Now that she is back on the job, she has started work on new subjects — the works of Bibhutibhushan Bandyopadhyay, updating the Bangla Academy Abhidhan or Bengali dictionary. “We are going to revamp it,” says the 70-year-old. She talks about the ongoing digitisation of literary work and admits that translation of Bengali works has not happened in the manner they deserved.

I have read somewhere that the Akademi is modelled on the Bangla Academy in Dhaka and I ask her about commonalities and differences between the two. She pauses for a moment and then says, “The Akademi is different from the one in Bangladesh in many ways not to mention the huge infrastructure that it [Bangla Academy] has in place.”

The institution here takes after Sahitya Akademi, she points out. “We do not delve into the classics only. We are more dynamic. We encourage young writers. We also have introductory sessions for new talent. We attempt to bring together generations of writers and poets for debates and discussions.”

For someone who puts so much premium on discussions and debate and in her own work has been so innovative and interpretative and radical too, what does she think of the cultural and intellectual climate in Bengal? What does she have to say to repeated reports about the state government clamping down on certain productions?

Mitra has a way of working in pauses in her responses. Just enough so you don’t get impatient, enough for her to frame an argument. She says, “When you try to take a route other than the conventional one, you have to dig out your way. There will be impediments and you have to get used to them and wade your way through the difficulties without flinching a muscle.”

It is not very clear who is taking the unconventional route and who is getting inured to difficulties but she is done with addressing that particular question. There is a gentle smile on her face, but the maroon dot on her forehead suddenly seems to loom large, suggestive of an unspoken finality.

I ask her if her kinship with the Trinamul is actually about her apathy for the Left. After all, her father Shambhu Mitra had broken away from Indian People’s Theatre Association, a Left-wing group of artistes.

“My father never told me what his differences were with the Left. Now, with the passage of time, however, many things dawn on me,” says Mitra. She does not go into specifics, only tells us that she has written a book on her father — Shambhu Mitra: Bichitro Jibon Porikroma — that contains her musings.

Has her father’s experience influenced her own political affiliation? She shakes her head. “I have never dabbled in politics; I have never got into any political controversies,” she says. However, her narrative of protest is evident in her creative work, in plays such as Nathabati Anathabat — an exploration of Draupadi’s humiliation — Katha Amritasaman, Bitata Bitangsha and Ekti Rajnaitik Hatya.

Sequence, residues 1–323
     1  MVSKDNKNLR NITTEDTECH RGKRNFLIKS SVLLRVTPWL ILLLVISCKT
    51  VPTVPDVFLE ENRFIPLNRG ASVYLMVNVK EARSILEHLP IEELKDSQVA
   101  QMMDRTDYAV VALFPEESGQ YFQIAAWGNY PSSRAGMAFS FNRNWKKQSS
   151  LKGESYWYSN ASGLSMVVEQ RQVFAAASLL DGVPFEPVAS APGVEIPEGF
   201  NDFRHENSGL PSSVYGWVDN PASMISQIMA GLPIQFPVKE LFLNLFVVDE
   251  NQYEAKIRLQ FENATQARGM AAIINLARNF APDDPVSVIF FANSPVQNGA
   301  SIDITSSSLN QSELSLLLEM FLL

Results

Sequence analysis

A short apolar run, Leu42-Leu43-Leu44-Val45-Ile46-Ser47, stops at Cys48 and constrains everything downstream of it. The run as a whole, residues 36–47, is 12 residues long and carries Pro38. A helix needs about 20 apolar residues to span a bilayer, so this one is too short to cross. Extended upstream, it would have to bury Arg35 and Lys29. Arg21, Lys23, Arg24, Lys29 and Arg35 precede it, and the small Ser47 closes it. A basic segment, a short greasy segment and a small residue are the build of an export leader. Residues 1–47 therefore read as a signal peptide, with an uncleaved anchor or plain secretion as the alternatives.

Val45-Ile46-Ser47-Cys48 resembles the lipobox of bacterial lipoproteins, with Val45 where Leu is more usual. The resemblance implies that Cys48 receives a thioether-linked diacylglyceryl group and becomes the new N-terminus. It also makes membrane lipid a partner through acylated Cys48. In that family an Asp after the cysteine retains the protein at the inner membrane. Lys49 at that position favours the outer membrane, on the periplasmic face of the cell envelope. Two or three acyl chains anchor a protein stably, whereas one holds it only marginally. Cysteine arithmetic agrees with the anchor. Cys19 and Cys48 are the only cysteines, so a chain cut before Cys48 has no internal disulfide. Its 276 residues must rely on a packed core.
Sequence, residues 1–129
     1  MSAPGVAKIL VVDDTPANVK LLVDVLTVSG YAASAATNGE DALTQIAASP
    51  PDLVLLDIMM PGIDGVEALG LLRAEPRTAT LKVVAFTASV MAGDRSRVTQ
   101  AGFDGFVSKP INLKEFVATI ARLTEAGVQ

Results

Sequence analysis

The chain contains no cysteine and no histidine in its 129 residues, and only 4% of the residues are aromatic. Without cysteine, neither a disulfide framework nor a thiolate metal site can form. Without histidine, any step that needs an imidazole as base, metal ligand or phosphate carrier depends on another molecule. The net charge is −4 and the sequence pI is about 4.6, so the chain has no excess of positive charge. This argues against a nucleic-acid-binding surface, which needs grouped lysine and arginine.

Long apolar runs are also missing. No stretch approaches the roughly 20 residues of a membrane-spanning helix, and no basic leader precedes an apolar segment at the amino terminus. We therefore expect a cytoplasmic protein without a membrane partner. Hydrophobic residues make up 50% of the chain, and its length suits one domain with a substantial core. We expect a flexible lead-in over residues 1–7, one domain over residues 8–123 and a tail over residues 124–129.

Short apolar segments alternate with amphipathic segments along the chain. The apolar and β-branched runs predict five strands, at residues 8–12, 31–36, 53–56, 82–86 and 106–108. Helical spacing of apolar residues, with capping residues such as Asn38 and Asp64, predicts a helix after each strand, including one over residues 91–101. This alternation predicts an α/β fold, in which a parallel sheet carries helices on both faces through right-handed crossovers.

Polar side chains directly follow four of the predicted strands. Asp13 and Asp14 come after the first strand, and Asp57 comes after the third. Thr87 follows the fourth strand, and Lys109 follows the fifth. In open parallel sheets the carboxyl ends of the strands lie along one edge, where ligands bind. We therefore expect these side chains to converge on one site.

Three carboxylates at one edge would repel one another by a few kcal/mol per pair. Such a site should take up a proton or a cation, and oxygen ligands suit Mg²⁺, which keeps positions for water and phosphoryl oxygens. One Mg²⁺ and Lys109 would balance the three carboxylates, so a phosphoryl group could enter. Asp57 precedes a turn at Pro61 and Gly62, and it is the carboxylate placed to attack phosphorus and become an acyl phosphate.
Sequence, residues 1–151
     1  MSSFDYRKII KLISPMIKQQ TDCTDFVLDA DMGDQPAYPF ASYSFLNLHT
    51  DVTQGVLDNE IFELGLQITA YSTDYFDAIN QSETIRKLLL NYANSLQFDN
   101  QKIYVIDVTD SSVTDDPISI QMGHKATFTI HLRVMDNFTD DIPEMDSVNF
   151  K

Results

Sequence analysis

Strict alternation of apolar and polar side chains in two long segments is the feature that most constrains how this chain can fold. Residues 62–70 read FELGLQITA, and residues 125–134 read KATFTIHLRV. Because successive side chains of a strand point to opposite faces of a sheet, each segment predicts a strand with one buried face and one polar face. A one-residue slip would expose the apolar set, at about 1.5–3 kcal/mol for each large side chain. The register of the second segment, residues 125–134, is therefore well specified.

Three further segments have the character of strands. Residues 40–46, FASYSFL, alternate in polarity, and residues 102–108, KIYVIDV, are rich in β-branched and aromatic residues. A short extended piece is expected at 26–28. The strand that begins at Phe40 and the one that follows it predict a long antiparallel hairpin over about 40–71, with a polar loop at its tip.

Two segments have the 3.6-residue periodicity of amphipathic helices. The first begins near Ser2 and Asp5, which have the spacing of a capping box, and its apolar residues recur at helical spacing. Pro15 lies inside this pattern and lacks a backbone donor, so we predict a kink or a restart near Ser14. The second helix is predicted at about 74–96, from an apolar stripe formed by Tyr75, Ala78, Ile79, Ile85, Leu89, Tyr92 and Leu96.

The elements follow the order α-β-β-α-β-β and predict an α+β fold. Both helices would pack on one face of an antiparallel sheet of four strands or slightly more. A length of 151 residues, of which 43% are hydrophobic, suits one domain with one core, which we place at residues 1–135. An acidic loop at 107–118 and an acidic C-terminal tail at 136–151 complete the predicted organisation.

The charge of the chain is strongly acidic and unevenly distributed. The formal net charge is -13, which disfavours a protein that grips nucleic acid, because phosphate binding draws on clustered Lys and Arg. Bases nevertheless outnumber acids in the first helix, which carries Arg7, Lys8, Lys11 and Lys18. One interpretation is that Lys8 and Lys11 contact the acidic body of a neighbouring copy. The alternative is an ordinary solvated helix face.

And how did she become one of the prime anti-establishment figures during the Singur and Nandigram clashes? “That was a civil movement,” she answers promptly. “And let me tell you, the idea of the civil movement was conceived in our rehearsal room at Pancham Vaidic [her theatre group]. I didn’t follow anyone. Others took a cue from me. We questioned the government about why it was hell-bent on taking away farmers’ lands?”

Mitra recalls how she and a few others had visited Singur shortly before all hell broke loose. “The farmers had refrigerators, television sets in their houses. They were already well off. There was no need to turn them into factory hands, at least not on the grounds of improving fortunes,” she continues agitatedly.

She regains her composure and says that it was during this period that she came to know Mamata Banerjee. “I cannot say that we became close, though,” she adds.

But there are degrees of proximity. Banerjee has time and again sought the services of Mitra. “When she was the Union railway minister, she called me up to lead the rail heritage committee,” Mitra agrees.

It was during this time, she tells me, that she got a sense of how the chief minister functioned. “She had promptly announced without taking us into confidence that the railways would construct a Tagore museum in Bolpur. We were thrown off-balance. How could we? Visva-Bharati had the rights,” she says, laughing benignly. “We loved working through her whims because they brought up challenges that had to be tackled creatively.”

Constructive camaraderie or is she done being critical? Is she content to be conformist now? No sooner than I say this than she is aflame, gracefully, as only she can be. She says, “I have always walked alone. My father used to tell me it is my life and I should take my own decisions. And I did.” She continues, “My parents used to say that when I first started talking coherently, the first song I sang out was Ekla chalo re.”